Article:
CHICAGO --Thanksgiving Day is no longer all about turkey: It's eating away at Black Friday shopping.
U.S. shoppers spent $9.74 billion on Black Friday, the day after Thanksgiving. That's a drop of 13.2 percent compared with last year, according to data released Saturday by Chicago-based research firm ShopperTrak.
The decline appears to show that more Americans shopped on the holiday itself: Combined spending on Thanksgiving and Black Friday, which had been considered the official start to the holiday buying season until this year, rose 2.3 percent to $12.3 billion.
The data reflect that Thanksgiving, which along with Christmas was one of two days a year when most stores were closed, is becoming an important day for major retailers.
Black Friday is a time when big retailers open early and offer deep discounts, but a few started opening and offering those discounts on Thanksgiving a couple years ago. And this year, at least a dozen did so, with a few opening earlier in the holiday than they did last year.
The National Retail Federation, a retail trade group, predicted that 33 million, or almost a quarter, of the 140 million people who planned to shop during the four-day holiday weekend that ends today, would do so on Thanksgiving. Analysts had questioned whether the holiday openings would steal sales away from Black Friday or result in people spending more overall.
"Retailers were pretty successful in drawing the consumers into the stores on Thursday," said ShopperTrak founder Bill Martin, whose company counts how many shoppers go into about 40,000 stores in U.S. But "Thursday's sales came at the expense of Black Friday's numbers."
The decline in sales on Black Friday was the second one in a row. Last year, sales on that day dropped 1.8 percent to $11.2 billion, though it still was the biggest shopping day last year, according to ShopperTrak.
Despite the big drop this year, Shoppertrak's Mr. Martin said he thinks Black Friday will remain the biggest shopping day of the year for the 10th consecutive year. But if retailers continue to promote Thanksgiving as the start of the holiday buying season, he thinks the holiday will eventually surpass Black Friday in sales.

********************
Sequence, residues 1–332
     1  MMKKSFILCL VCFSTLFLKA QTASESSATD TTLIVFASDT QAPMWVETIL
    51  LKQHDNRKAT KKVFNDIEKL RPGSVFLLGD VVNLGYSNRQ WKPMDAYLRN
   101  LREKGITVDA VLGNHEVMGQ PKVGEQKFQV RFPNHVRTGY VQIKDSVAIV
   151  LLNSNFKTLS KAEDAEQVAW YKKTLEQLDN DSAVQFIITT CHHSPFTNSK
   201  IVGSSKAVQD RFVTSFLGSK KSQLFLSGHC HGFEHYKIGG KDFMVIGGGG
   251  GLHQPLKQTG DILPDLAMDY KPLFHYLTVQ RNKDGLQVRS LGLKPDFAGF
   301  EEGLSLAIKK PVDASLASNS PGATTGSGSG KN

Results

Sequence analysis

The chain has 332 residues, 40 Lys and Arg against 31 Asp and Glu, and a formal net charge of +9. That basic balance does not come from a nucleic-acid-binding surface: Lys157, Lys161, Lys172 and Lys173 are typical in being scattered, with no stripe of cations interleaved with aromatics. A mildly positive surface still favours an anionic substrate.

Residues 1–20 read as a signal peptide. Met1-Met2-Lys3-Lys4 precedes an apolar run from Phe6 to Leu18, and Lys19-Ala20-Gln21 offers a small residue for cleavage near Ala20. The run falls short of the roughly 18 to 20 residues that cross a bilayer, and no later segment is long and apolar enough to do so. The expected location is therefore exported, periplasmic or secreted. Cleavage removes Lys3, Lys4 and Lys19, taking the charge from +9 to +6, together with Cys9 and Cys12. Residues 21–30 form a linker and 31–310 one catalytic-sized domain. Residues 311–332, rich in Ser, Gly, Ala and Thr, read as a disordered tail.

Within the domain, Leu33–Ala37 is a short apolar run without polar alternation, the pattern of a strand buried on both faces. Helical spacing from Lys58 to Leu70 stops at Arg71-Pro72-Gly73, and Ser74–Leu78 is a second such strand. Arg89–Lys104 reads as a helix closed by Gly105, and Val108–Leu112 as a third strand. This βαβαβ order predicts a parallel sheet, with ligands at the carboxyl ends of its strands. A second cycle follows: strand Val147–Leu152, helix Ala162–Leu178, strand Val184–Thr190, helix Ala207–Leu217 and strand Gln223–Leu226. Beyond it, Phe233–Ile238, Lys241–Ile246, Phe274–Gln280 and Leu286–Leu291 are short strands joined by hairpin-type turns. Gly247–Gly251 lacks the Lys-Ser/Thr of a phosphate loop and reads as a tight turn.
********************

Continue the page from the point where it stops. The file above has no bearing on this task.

"We're just taking Black Friday sales and spreading them across a larger number of days," Mr. Martin said.
There will be a clearer picture of sales for the first holiday shopping weekend today when the National Retail Federation releases data.
Overall, the retail trade group expects sales to be up 3.9 percent to $602 billion for the season.
On Saturday, President Barack Obama joined the wave of shoppers, stocking up on more than 20 books in a rare stop at a Washington, D.C., bookstore. It was part of an effort to support small businesses.
The president's visit to Politics & Prose, a Washington landmark, was timed to Small Business Saturday.
Nearly half the books Mr. Obama bought are written for children or young adults, and are presumably for his daughters Malia, 15, and Sasha, 12.
Among the notable reads is "Red Sparrow," a spy novel by Jason Matthews that has been praised for its realism.
But most of Mr. Obama's choices lean more toward pure escapism.
"The Sports Gene: Inside the Science of Extraordinary Athletic Performance," by Sports illustrated writer David Epstein, tries to dispel common myths about what makes athletes great. "Collision Low Crossers: A Year Inside the Turbulent World of NFL Football" is an unvarnished look at the National Football League from Nicholas Dawidoff.
Mr. Obama's list included little new, literary fiction. James Salter's "All That Is," Anthony Marra's "A Constellation of Vital Phenomena," and Jhumpa Lahiri's "The Lowland" made the list.
McClatchy Newspapers contributed.